By Ashli Findley

Deanna with her grandsons Luke, 4 and Levi, 4 months in Community Park in New Albany.
Photos by Patti Hartog

Not leaving anything to chance, Deanna Watts, 52 at the time, went to her doctor to have the 1.1 millimeter, mole-like growth inspected and eventually removed; its testing revealed she had melanoma.

That was nearly four years ago.

Today, Deanna is beating stage four melanoma. Melanoma is the deadliest form of skin cancer because it has the ability to spread to other parts of the body. In Deanna’s case, it spread to a rib bone and left hip.

She was told that without treatment, her survival rate would be less than a year. She got connected with leading melanoma research doctor James Chesney at the Uof L James Graham Brown Cancer Center in Louisville and qualified to begin immunotherapy treatment in February 2017.

Deanna has an appointment every three weeks for an IV infusion with a drug called Keytruda. The 30-minute process comes with fewer side effects than chemotherapy.

“It amps up your own immune system to fight cancer cells,” Deanna says.

After three months of treatment, her scan showed 50 percent shrinkage in both of her lesions — and she had no new lesions, which is the greater victory. Although the cancer is not completely gone, her recent scan in August showed even more improvement, so she continues her treatment every three weeks.

Ask Deanna and she’ll tell you the culprit of her melanoma is dangerous UV lighting, especially from tanning beds. In fact, exposure to tanning beds before the age of 30 increases the risk of melanoma by 75 percent, according to a study by the The International Agency for Research on Cancer Working Group. Deanna admits she stayed tan year-round for a decade. She bought tanning package after package trying to achieve the perfect sun-kissed look.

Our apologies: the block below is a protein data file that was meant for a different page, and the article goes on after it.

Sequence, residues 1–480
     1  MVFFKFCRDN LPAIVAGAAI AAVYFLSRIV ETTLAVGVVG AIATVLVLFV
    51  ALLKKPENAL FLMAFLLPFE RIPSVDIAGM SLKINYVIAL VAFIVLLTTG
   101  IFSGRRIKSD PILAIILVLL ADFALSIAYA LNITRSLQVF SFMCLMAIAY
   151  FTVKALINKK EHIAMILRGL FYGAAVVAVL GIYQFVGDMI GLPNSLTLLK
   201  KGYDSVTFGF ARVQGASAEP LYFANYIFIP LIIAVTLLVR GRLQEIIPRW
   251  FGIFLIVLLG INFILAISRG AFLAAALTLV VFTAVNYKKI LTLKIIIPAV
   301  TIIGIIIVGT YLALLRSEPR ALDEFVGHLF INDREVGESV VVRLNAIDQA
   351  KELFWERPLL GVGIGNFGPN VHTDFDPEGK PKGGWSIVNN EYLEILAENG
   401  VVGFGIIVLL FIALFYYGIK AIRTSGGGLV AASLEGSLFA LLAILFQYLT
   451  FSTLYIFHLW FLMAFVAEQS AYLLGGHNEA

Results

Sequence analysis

“I have a teenage daughter who is in college,” Deanna says. “Most teenage girls want to be tan… Life has kind of forced my daughter not to be able to do that, which is good, but if I could change the opinion of a teenager, that would be my personal goal.”

It’s Deanna’s passion to advise others about this cancer that is so preventable.

“The damage to your skin is done by the time you’re 18 years old… I want teenagers to know this can happen to you; I didn’t think it could happen to me.”
Deanna has learned to cope with her diagnosis mostly through her faith and lots of prayer. In addition, she anchors herself around family and friends. The hairdresser of 35 years keeps busy as wife, mother of three, and grandmother of two.

“I’m choosing to not let melanoma steal my joy.”

Deanna suggests that others not abuse sunlight and tanning beds. Also, look at your skin and notice changes. If you see any changes, get them checked early.

And for anyone who has recently been diagnosed with melanoma, Deanna offers this advice:

“Definitely to be your own advocate. You have to understand what you’re going through to the best of your ability. Seek your options and find a doctor that you feel is compassionate to you, yet resourceful.”